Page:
HC Deb 22 May 1871 vol 206 cc1115-7

asked the Secretary of State for the Home Department, Whether he has made inquiries as to a charge of wilful damage, to the amount of 2s., heard before the magistrates at the Aldershot Petty Sessions on Thursday the 11th instant, against six children, named and aged respectively as follows: John George, 8; Matthew Wiltshire, 7; James Burgess, 8; Arthur Wells 9; Jane Luff, 9; and Mary Ann Warren, 9; upon which they were all convicted, and severally sent to prison for a period of two months; and, whether, having regard to the ages of the defendants, the circumstances of the case, and the severity of the sentence, he will interfere?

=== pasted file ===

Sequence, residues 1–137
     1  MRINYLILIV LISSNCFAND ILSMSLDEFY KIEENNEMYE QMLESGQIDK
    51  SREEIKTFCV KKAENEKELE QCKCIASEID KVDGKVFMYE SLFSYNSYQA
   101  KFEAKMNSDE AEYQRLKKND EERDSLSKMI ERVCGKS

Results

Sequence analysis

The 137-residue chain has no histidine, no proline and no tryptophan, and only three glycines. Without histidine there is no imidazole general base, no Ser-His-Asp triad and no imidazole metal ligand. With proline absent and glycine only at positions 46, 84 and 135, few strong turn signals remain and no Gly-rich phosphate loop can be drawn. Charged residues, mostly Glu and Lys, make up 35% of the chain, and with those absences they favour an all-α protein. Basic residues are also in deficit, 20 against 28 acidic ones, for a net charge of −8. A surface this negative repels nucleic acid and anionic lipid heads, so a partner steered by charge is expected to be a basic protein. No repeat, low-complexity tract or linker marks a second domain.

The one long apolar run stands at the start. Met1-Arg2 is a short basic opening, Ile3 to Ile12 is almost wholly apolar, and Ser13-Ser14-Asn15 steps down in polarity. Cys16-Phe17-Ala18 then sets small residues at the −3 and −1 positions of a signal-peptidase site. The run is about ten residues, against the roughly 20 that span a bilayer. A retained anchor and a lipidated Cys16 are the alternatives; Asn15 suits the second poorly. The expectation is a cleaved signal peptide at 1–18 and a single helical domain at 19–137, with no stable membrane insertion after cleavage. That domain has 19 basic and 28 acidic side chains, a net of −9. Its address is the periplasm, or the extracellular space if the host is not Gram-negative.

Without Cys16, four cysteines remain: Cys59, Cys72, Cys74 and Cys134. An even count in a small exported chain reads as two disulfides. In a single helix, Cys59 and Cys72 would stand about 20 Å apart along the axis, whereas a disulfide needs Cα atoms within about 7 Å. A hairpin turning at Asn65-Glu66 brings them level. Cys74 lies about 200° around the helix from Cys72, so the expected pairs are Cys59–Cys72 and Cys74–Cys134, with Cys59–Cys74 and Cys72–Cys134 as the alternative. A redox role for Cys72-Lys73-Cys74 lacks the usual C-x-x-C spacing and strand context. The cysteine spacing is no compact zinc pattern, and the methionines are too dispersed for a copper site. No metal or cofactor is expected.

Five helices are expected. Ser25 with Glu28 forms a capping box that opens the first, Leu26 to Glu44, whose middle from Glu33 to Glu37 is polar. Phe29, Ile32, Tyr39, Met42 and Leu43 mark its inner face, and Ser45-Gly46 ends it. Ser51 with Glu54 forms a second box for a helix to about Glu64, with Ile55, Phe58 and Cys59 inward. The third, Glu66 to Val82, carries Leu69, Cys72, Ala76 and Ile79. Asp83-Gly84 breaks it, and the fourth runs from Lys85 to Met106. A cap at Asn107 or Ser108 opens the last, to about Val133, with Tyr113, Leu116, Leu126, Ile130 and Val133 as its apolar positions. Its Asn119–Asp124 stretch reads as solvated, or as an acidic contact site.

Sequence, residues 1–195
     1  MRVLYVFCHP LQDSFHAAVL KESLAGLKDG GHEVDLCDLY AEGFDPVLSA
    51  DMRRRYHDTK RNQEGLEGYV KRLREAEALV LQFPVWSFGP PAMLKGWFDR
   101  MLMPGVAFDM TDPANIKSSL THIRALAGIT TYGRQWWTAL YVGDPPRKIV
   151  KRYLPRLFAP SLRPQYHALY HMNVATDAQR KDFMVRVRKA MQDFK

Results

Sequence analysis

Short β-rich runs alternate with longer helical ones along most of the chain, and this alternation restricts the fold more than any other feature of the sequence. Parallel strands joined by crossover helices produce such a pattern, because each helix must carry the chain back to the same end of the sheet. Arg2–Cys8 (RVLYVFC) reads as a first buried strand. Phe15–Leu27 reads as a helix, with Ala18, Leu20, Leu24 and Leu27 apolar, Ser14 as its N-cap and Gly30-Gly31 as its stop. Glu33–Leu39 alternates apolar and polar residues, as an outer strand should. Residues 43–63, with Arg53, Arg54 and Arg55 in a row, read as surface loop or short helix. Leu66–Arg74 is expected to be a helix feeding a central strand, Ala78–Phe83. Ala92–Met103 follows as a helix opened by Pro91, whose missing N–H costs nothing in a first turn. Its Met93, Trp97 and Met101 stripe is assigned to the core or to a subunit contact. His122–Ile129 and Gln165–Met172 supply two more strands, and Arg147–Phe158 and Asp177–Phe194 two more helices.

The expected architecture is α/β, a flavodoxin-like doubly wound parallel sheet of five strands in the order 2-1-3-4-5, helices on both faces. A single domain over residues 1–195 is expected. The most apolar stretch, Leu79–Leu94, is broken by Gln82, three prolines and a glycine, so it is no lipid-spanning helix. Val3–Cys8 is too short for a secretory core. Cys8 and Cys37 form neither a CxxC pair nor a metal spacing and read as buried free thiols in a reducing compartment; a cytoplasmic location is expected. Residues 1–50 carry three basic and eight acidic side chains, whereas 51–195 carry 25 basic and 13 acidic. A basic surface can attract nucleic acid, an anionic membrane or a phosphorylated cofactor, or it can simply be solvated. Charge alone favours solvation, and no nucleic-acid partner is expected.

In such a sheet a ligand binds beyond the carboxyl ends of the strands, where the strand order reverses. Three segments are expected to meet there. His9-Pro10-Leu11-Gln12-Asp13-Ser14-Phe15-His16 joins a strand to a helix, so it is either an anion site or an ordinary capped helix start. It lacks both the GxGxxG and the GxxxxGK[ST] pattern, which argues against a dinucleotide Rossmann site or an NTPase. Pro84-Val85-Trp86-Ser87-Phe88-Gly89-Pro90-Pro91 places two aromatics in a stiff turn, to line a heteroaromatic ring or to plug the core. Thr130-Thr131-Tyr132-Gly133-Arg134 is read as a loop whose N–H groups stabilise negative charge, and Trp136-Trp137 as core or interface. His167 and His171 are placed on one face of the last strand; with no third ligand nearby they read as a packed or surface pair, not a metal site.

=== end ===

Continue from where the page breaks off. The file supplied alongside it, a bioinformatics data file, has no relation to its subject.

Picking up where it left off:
said, in reply, that there was, in this case, the usual discrepancy as to age between the statement made on the part of the magistrates and that which had appeared in the newspapers. According to the former, the age of the youngest child was nine, and that of the eldest 14 years. For many years past, and especially during the last three years, the butts had been constantly torn down for the purpose of taking away the bullets fired into them. Children were usually sent there by their parents, who lived upon the plunder, and they hovered about while shooting was going on, in order that they might rush in upon the butts directly the soldiers retired, and great risk to life arose from this practice. During the last three years no fewer than 33 children had been sentenced to different terms of imprisonment, with a view to their being deterred from committing the offence. Generally, they were found, to be children of the same family. In the present instance three of the children belonged to the same family, and they had previously been punished. Some time ago Captain Chapman, the Instructor in Musketry, brought the circumstances of the case prominently before the magistrates. He suggested that additional policemen should be employed to deter children from exposing their lives and from injuring public property. They had been repeatedly warned, but in vain; and Captain Chapman recommended strongly, in the interest of the public and of the children themselves, the offenders should be apprehended and severely punished. In order that the House might the more clearly understand how very difficult were the circumstances with which the magistrates had to deal, the right hon. Gentleman read the Report of Captain Chapman, which was in accordance with his own observations. In conclusion, he stated to the House that he did not feel justified in interfering with the decision of the magistrates, except that he had made one suggestion—namely, that a distinction should be made between those children who had been previously convicted or warned and those who had not, when the magistrate proceeded to punish them.